Every time I write one of these MISCELLANY posts I promise myself that I will do them more often. But, as ever, the promises you make to yourself are the ones most easily broken: My last installment in the series came more than three months ago! But hope springs eternal, so I’m promising myself I won’t wait that long to write the next one. Why I would trust a proven liar I don’t know.
Anyway, here’s how this game is played: I randomly pick bands whose music I’ve never heard, I listen to one or two songs and write my impressions, and then I stream what I heard so you can form your own opinions. This time I decided to just pick the last three bands I heard about with recent Bandcamp releases. They’re all from the U.S.
I learned of this Portland band’s new album via an e-mail alert from Bandcamp that I found yesterday. The name rang a faint bell, and through a search of our site I learned that our guest BreadGod had put their 2012 demo in the “Honorable Mention” category of his “Best of 2012” list for NCS. The new album, released March 11, is entitled Thane and I knew I had to listen simply because of the wonderful cover art by Sam Ford.
I decided to start with the album’s opening track, “Alabaster”. Man, what a pleasant surprise! The air hangs heavy around this music, like a shroud of oppressive sorrow. It brings the weight of doom, but the music is also electrified by razor-sharp riffing, prog-minded digressions, and scarring, shrieked vocals. The vibrating tremolo’d melodies move in powerful waves through this atmospheric display of melodic black metal.
I really couldn’t stop there, so I let the music carry me into the second song, “Peering Inward”. It’s somewhat slower and more stately than the opener, but just as dramatic and accomplished, both in the songwriting and in the performances (and I loved the bass line in this song, too). Emotionally intense and memorable, it was enough to convince me to buy the album and finish it at my leisure. A great way to begin this MISCELLANY excursion.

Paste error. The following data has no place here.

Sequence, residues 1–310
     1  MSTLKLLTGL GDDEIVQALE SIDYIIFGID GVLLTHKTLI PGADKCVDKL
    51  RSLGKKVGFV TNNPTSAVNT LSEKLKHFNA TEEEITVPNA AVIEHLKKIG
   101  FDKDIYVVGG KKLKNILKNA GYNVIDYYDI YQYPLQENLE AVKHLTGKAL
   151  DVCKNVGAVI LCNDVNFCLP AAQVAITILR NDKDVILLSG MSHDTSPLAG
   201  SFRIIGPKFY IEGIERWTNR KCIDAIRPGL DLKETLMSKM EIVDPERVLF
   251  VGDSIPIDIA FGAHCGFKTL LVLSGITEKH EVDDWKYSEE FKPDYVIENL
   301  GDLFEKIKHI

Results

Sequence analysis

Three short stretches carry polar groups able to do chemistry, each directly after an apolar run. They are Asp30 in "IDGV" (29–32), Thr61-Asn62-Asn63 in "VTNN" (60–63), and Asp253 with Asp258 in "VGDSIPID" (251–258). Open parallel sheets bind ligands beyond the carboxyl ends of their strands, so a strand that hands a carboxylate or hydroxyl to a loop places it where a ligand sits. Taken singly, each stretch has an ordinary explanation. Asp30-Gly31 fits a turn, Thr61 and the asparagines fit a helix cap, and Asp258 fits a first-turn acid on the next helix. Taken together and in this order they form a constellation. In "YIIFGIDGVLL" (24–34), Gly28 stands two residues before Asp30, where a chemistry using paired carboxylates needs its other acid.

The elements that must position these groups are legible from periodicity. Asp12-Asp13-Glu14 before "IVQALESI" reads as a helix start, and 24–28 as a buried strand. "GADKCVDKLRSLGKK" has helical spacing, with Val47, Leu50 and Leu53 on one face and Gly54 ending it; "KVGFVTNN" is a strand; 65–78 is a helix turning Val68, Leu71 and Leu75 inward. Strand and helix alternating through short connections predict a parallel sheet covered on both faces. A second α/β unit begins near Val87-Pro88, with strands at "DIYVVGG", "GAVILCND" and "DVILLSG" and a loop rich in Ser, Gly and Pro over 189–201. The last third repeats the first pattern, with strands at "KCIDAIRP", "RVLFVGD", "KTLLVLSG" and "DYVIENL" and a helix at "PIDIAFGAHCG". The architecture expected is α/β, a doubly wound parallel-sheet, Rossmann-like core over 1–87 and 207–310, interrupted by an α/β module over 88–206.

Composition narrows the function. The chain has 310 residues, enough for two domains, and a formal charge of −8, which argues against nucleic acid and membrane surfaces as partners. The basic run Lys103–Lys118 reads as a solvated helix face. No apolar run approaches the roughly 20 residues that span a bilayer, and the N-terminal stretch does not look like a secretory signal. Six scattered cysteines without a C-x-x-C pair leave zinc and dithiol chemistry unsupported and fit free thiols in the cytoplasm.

Thane is available on Bandcamp, as is the band’s 2012 demo. The album stream is below.
Salt Lake City’s Laughter left a message on our CONTACT page yesterday urging us to check out their new album Ain Soph Aur, which was released on March 12. The message disclosed that the band includes current or former members from Rye Wolves, SubRosa, and Dwellers. I’m a fan of all three of those groups, so exploring Ain Soph Aur was an easy call.
The first song is an extended intro track, so I decided to begin there but also spin the song that followed it, “In Finite”. The intro is a shimmering, droning piece of ambient sounds that then flowers into “In Finite”. That song lays hold of you with an iron grip, blending a battering storm of heavy, sludge-like doom riffs and powerful drum hits with really strong, soaring, wailing, clean vocals. The dual guitar instrumental that comes in the song’s mid-section shines rays of light through the clouds before the downpour begins again with renewed power. And as good as the clean vocals are, they’re matched by the utterly agonized howls that replace them at the end.
So, I liked that song so much I cheated and went on to the next track, “Black Eyes”. Man, the riffs in that baby are fat, fuzz-bombed, and compelling, moving the music into rumbling, crushing, stoner-doom territory. The vocals are again outstanding. The verdict? I bought this album, too.
Kaiju are from Kansas City, Missouri. This morning my NCS comrade Andy Synn recommended two songs that they released for free download on Bandcamp in late January. Those appear to be the first offerings from a full album to be released later this month. I really, really like the album’s cover art (by Kaitlyn Trotter). As in the case of Barrowlands, it would have been enough to lead me down Kaiju’s path even if I hadn’t impulsively decided to do another one of these MISCELLANY posts.
Since there are only two songs available so far, I listened to both: “Cycle of Shame” and “Psalm 92”. After the dark, bleak atmospherics of the first two albums I tested above, these songs provided a scorching contrast. The music is a blast of technical death metal, with jolting accelerated riffing and a load of drum pummeling. But it’s more than that — the songs include some fiery freaked-out soloing, pile-driving grooves, and a vibrant mix of harsh vocals (from throaty howls to ruptured-jugular shrieks). The songs are catchy too!
Yep, I bought this one too (it’s “name your price”, but if I can afford to tip my barristas I can sure as fuck tip people capable of making music like this.)